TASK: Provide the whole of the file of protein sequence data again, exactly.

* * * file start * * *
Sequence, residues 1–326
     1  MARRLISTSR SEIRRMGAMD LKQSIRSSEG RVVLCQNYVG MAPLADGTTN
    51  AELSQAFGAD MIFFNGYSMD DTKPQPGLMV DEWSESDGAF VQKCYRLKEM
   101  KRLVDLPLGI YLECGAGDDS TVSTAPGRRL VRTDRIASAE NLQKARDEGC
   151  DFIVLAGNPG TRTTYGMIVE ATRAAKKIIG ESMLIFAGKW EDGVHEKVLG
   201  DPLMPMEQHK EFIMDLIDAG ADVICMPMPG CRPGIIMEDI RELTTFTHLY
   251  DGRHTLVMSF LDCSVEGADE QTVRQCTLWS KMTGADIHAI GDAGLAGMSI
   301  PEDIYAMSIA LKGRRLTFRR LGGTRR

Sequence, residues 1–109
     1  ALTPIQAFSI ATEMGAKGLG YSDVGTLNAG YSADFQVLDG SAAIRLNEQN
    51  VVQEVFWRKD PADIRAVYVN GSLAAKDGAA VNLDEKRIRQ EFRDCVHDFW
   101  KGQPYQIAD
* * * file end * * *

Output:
Sequence, residues 1–326
     1  MARRLISTSR SEIRRMGAMD LKQSIRSSEG RVVLCQNYVG MAPLADGTTN
    51  AELSQAFGAD MIFFNGYSMD DTKPQPGLMV DEWSESDGAF VQKCYRLKEM
   101  KRLVDLPLGI YLECGAGDDS TVSTAPGRRL VRTDRIASAE NLQKARDEGC
   151  DFIVLAGNPG TRTTYGMIVE ATRAAKKIIG ESMLIFAGKW EDGVHEKVLG
   201  DPLMPMEQHK EFIMDLIDAG ADVICMPMPG CRPGIIMEDI RELTTFTHLY
   251  DGRHTLVMSF LDCSVEGADE QTVRQCTLWS KMTGADIHAI GDAGLAGMSI
   301  PEDIYAMSIA LKGRRLTFRR LGGTRR

Sequence, residues 1–109
     1  ALTPIQAFSI ATEMGAKGLG YSDVGTLNAG YSADFQVLDG SAAIRLNEQN
    51  VVQEVFWRKD PADIRAVYVN GSLAAKDGAA VNLDEKRIRQ EFRDCVHDFW
   101  KGQPYQIAD